Collagenous matrix as a predictor for bone formation: a digital technique for collagen quantification

Gerson Arisoly Acasigua, Henrique Müller de Quevedo, Anna Christina Medeiros Fossati


The collagenous matrix plays a fundamental role in the process of bone regeneration, so it is essential to study
how it is primarily formed in situations in which critical bone defects are created. Objective: this study seeks
to quantify the collagenous matrix formed in critical bone defects in the calvaria of mice over the process
of bone regeneration promoted by the association of poly(lactide-co-glycolide) (PLGA) porous scaffolds and
stem cells from deciduous teeth (SCDT). In addition, this study attempted to establish a precise protocol for
the digital quantification of collagen through a histological method. Materials and method: Nine Wistar rats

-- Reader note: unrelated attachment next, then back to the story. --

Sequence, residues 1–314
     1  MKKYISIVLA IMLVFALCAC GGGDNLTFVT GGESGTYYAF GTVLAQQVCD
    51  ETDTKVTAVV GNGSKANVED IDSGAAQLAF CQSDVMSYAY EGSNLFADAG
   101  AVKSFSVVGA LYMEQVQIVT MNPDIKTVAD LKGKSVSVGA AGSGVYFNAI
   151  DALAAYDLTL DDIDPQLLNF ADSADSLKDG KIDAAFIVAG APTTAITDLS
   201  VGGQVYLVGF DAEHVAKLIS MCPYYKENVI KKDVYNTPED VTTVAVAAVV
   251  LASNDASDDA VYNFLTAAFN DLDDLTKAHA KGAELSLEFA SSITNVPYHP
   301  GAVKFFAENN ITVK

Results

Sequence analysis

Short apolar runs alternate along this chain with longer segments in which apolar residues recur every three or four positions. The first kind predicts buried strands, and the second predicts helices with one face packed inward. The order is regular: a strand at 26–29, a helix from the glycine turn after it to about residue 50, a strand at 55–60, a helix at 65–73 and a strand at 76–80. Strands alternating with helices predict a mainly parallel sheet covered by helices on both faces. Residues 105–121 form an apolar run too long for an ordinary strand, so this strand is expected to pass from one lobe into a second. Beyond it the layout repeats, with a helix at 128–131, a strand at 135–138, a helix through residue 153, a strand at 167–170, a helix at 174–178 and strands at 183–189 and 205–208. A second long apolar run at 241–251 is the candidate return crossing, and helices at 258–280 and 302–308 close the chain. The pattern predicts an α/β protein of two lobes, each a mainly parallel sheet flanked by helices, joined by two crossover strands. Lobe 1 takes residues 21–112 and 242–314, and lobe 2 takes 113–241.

were used, in which critical defects of 8.0 mm of diameter were made in their calvarium. The animals were
divided into three groups (n = 9): I – PLGA scaffolds; II – PLGA scaffolds/SCDT; III – PLGA scaffolds/SCDT
maintained in osteogenic medium for 13 days. Within sixty postoperative days, calvaria were removed for histometric analysis following a digital protocol. A specific digital analysis method was designed for this study, in
which a more precise quantification and differentiation between collagen fibers and non-collagenous tissue
was possible, excluding factors that would normally alter the results. Results: it was noted that the association
of PLGA scaffolds and SCDT maintained in osteogenic medium resulted in collagen matrix formation statistically
higher than the other groups (p<0.05). Conclusion: the protocol designed for collagen quantification was precise and efficient, producing methodologically standardized results.

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